To pass through the entrance of the Liszt Academy, and to feel the traditions from the old masters, such inspiration! My teacher, André Gertler had himself as a little boy been a pupil there of József Bloch, later of Hubay, and in composition for Kodály and in chamber music for Leo Weiner. For me, this is where the bonds Sweden–Belgium–Hungary are woven together. Gertler’s teacher Hubay was professor in Brussels 1882 to 1886. The Hungarian state donated a statue of Hubay to the Conservatoire Royal de Musique in Brussels in 1976. To celebrate the occasion Gertler organized a concert with three of his students (Rudolf Werthen, Joshua Epstein and myself) in violin concertos by Vieuxtemps, Joachim and Hubay. In this box is immortalized my part of the concert in Hubay’s beautiful Violin Concerto (particularly the third movement). Also present were my dear parents.

Willem Kersters and I became colleagues at Conservatorium Maastricht, and we usually stayed at the same cozy little Hotel Limburgia, three kms outside town. We dined there superbly, also. One evening after a long workday I timidly asked if he would consider writing a violin concerto. The answer is recorded here! Technically the first version was not so advanced, so luckily Gertler helped us to elaborate on the violin part. Sadly he was already blind; he sang the part and I wrote down the notes as best I could and sent the result to Kersters who generously accepted most of our suggestions. The result is, I think, a fantastic violin concerto, beautiful and brilliant. What more can you ask? I’m happy it has been preserved here. Curiously enough the conductor in Hubays concerto, René Defossez, was the teacher of Silveer Van den Broeck, conductor in the Kerster concerto.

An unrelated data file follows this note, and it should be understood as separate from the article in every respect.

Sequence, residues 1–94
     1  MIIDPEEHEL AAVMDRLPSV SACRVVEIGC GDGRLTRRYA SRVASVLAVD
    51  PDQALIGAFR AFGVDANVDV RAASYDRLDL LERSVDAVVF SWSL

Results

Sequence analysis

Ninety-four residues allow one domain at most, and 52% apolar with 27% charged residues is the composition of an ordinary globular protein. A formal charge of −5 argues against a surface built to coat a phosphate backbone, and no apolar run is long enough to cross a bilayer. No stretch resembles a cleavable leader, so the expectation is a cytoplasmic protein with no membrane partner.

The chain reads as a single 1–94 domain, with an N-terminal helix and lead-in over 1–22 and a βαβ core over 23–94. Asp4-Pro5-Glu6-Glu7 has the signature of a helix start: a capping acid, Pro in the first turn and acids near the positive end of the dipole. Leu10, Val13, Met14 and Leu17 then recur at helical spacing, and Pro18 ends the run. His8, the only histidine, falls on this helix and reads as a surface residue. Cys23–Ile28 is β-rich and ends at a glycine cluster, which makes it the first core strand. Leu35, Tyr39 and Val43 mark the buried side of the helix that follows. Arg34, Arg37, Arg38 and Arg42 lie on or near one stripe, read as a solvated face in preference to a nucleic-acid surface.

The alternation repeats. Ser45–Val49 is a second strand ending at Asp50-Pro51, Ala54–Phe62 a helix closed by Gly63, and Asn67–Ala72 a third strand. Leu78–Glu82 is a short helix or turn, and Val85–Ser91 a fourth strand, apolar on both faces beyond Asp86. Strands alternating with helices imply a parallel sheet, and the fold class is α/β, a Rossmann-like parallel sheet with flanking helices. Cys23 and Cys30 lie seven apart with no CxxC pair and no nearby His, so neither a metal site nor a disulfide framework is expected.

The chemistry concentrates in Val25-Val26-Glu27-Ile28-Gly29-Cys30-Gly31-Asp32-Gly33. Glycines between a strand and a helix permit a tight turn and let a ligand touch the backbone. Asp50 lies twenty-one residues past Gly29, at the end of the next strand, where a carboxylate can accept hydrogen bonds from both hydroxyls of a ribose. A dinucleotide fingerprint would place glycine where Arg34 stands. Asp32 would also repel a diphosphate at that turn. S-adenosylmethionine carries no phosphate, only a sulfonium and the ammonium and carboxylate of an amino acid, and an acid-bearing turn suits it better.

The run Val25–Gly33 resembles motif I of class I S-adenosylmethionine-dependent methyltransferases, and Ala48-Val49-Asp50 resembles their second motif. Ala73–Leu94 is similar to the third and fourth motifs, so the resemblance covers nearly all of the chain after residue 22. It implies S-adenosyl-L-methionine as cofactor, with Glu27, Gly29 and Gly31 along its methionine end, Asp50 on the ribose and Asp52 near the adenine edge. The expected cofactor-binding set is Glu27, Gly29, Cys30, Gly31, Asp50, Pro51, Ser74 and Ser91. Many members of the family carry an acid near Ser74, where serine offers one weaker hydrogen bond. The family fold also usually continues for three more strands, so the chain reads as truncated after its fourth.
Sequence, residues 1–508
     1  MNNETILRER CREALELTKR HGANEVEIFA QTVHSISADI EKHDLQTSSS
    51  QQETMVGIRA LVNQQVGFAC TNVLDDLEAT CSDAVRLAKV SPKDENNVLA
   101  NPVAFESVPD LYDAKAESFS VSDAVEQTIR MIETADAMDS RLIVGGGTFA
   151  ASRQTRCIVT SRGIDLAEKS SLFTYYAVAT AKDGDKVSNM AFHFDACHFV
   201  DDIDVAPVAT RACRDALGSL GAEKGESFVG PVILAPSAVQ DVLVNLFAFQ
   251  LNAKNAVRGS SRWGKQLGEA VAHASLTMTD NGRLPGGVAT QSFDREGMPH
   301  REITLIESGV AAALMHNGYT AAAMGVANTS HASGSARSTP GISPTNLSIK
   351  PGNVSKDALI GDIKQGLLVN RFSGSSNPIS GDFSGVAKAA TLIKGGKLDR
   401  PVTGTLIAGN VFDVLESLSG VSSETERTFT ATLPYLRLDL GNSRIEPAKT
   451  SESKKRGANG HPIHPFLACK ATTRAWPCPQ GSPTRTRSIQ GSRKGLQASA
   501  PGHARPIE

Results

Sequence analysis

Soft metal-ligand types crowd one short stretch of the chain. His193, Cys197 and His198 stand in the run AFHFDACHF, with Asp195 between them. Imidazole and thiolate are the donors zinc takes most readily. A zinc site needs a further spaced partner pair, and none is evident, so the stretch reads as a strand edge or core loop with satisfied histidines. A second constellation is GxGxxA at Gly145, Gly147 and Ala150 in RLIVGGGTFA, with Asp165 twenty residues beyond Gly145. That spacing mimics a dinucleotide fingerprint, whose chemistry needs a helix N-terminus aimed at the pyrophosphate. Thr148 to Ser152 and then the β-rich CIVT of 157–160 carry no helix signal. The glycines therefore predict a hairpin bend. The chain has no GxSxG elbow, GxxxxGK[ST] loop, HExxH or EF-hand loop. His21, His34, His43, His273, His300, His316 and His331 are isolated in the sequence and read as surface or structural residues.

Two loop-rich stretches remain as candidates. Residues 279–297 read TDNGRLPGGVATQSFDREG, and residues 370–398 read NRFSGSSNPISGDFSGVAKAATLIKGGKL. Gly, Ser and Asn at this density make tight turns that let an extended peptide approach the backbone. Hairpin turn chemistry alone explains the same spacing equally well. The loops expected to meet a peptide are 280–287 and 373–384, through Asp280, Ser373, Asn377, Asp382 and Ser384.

Between 1980 and 1983 I was fortunate enough to play in a string quartet again – and not any quartet! Gertler had had a famous quartet 1931–1951, and in London 1945 they did among other pieces the first European performance of Bartók’s sixth string quartet. Now Gertler wanted to play quartet again and invited three young musicians, Erwin Schiffer (viola), Roel Dieltiens (cello), and myself (violin 2). These three years were to be Gertler’s last years as performing violinist. His eyesight was getting worse and he played with very much enlarged notes. But to me these years were the peak of my life as a musician! The year of 1982 celebrated Kodály’s 100 year anniversary, and together Dieltiens and I performed in Brussels the great duo for violin and cello. And Gertler, once a pupil of Kodály (who advised his pupil to become a composer instead), helped us to find the right style of the tradition.

The connection Sweden–Belgium–Hungary is also evident by the fact that Gertler (now a Belgian citizen) was invited to instruct the strings of the newly founded  Radio Orchestra in Stockholm, where he spent two three-months periods. Here was born the idea with L-E Larsson’s Violin Concerto. Gertler gave its first performance and recorded it in 1952. He also gave Larsson technical advices in the shaping of the violin part, and the cadence was written by Gertler. He told me that he as a young boy first came into contact with Swedish music via Tor Aulin’s Gavott, which he liked very much.

After moving to Belgium in 1928 Gertler became a pupil of Ysaÿe in Brussels. One evening he visited his master after a certain Yehudi Menuhin had been there. Ysaÿe said that he had told him and his father that it would be best for the son not to give any concerts for two years but to go on studying. Ysaÿe saw the defects in the young Yehudi’s bowing. But the father refused to listen. For the rest of his life Menuhin had terrible problems with his bow arm.

I am grateful that I came to Gertler and his method, which saved me to a happy life with my violin and my music. It has enabled me to play these marvelous pieces by Bartók, Kodály, Gertler, Hubay, Ysaÿe, Bloch, Legley, Söderlundh, Kersters and Aulin – all of them in direct or indirect contact with each other and with me.

Gertler got the idea to the title From the history of the sonatas, when he thought that I practiced too little! Furthermore, a fifteen year cooperation with Eugène De Canck ought to be celebrated. Off we went: from October 1984 till March 1985 we gave one concert per month, all in all 19 different works, from Bach to Schönberg and Webern. First a full rehearsal in Maastricht at the conservatory, where we both worked and where Eugène was pianist in my class. (How fortunate for my students to have a pianist who knew everything after having spent 25 years with Gertler and in his class!). The concerts then took place in Brussels, in the studio of the famous artist Marcel Hastir (1906–2007), on the fourth floor. The audience got a bit of exercise as well.

Nilla Pierrou, Rättvik 2011